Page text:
Are You an S Corporation Stockholder?

Are you an S Corporation stockholder? Are you taking reasonable compensation in the form of wages? S corporation compensation requirements are often misunderstood and abused by owner-shareholders. An S corporation is a type of business structure in which the business does not pay income tax at the corporate level and instead distributes (passes through) the income, gains, losses, and deductions to the shareholders for inclusion on their income tax returns. If there are gains, these distributions are considered return on investment and therefore are not subject to self-employment taxes.

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Disaster Recovery Statistics

Data loss has serious financial implications. Downtime can occur at any time. Even something as small as an employee opening an infected email, or as significant as a natural disaster.

Despite that, 75% of small businesses have no business continuity plan in place.

We have compiled an interesting mix of disaster recovery statistics from a variety of sources. A disaster recovery plan is a lifeboat for your business.

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Benefits of Being SOC Audit Certified

Due to the increase in user entities outsourcing various processes and segments of their business, the demand for assurance of confidentiality and privacy of those service organizations has become a standard part of conducting business. In 2011, SAS 70 was changed into SOC audit (Service Organization Controls reports), to prevent the continued misuse of the old standard for assessing internal controls. The two most common types of audits, SOC 1 and SOC 2, can be broken down into two types of reports (Type I and type II), based on the impact of those internal controls on financial reporting and the time period being audited.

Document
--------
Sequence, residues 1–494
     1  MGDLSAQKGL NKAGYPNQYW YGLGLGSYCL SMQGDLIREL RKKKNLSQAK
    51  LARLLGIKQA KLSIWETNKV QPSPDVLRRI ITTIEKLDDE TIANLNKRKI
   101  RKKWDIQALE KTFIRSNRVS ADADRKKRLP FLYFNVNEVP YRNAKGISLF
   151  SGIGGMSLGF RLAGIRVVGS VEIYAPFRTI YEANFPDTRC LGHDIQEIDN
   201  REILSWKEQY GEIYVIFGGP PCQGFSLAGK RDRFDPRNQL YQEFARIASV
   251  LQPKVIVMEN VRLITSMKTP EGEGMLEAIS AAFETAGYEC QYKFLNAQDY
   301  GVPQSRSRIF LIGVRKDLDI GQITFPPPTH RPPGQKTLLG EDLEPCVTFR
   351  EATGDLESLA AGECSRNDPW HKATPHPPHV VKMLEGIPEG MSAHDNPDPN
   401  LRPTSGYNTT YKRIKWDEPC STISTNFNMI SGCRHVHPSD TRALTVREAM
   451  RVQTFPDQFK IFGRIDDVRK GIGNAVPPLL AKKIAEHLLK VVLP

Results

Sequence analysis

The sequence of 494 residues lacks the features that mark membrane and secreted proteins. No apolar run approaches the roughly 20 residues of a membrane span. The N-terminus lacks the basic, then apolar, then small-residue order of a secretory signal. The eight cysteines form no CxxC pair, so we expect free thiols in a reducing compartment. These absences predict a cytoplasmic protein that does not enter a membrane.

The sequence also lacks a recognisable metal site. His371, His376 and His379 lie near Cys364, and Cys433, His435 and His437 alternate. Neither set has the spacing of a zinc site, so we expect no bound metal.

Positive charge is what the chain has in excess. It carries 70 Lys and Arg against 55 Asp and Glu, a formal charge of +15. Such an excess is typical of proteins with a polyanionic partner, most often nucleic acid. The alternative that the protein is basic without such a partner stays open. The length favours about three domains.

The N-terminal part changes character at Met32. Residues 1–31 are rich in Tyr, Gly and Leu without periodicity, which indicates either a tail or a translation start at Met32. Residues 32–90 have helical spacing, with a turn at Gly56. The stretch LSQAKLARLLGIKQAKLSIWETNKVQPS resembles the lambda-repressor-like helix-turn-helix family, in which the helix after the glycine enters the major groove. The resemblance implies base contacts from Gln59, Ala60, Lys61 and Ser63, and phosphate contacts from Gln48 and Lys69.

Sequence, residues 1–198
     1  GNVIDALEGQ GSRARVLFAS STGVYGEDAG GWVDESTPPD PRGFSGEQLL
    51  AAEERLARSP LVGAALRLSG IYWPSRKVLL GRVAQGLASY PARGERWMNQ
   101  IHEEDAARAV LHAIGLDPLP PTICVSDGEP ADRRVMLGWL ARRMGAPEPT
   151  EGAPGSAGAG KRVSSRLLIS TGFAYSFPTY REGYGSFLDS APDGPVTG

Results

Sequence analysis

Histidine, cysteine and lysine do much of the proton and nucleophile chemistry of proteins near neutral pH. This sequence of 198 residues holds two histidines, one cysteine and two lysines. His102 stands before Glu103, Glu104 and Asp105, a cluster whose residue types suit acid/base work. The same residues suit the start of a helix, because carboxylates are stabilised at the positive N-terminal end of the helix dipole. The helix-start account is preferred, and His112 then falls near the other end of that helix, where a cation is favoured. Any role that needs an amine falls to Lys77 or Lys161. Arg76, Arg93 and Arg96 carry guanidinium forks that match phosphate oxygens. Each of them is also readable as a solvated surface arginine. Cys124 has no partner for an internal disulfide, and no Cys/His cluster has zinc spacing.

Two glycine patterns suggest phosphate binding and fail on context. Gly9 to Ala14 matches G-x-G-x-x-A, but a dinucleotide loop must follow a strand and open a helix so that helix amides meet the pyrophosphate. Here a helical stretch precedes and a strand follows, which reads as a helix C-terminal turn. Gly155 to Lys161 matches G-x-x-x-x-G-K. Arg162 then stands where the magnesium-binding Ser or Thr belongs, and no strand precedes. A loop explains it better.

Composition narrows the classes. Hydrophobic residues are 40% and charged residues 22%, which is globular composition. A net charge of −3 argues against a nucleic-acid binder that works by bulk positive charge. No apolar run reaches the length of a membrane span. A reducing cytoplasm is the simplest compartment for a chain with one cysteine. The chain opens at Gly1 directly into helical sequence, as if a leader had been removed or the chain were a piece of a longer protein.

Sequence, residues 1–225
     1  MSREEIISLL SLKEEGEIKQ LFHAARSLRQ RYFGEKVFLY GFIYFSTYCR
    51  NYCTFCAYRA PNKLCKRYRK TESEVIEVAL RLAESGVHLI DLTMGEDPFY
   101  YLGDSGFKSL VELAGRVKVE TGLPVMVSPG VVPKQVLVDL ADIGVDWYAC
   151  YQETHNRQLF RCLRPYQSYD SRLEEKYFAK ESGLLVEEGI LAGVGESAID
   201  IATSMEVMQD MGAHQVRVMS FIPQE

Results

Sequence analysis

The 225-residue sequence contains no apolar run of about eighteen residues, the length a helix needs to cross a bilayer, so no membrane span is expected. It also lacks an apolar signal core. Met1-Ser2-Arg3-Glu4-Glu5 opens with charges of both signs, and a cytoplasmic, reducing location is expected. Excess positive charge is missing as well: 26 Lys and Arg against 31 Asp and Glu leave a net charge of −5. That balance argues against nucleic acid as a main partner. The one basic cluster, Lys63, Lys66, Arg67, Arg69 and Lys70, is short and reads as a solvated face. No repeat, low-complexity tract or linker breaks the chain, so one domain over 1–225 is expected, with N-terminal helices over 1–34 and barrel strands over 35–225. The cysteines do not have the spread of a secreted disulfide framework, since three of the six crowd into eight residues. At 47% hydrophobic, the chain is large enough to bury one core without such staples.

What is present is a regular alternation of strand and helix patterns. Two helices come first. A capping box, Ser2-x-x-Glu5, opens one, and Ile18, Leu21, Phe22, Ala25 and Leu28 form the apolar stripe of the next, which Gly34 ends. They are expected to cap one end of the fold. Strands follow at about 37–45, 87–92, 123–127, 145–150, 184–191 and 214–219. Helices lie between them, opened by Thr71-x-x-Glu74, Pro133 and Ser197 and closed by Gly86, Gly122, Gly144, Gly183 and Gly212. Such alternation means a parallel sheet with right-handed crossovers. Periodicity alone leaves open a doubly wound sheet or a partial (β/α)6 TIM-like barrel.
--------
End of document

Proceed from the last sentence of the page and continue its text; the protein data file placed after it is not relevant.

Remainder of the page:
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How Alimony is Treated for Tax Purposes

Alimony is the term used for payments to a separated spouse or ex-spouse as part of a divorce or separation agreement. Since 1985, to be alimony for tax purposes, the payments:

  • Must be in cash, paid to the spouse, ex-spouse, or a third party on behalf of a spouse or ex-spouse;
  • Must be required by a decree or instrument incident to a divorce, a written separation agreement, or a support decree;
  • Cannot be designated as child support;
  • Will be valid alimony only if the taxpayers live apart after the decree is issued or the agreement is signed. Spouses who share the same household don’t qualify for alimony deductions. This is true even if the spouses live separately within the dwelling unit.
  • Must end on the death of the payee; and
  • Cannot be contingent on the status of a child (that is, any amount that is discontinued when a child reaches 18, moves away, etc., is not alimony).

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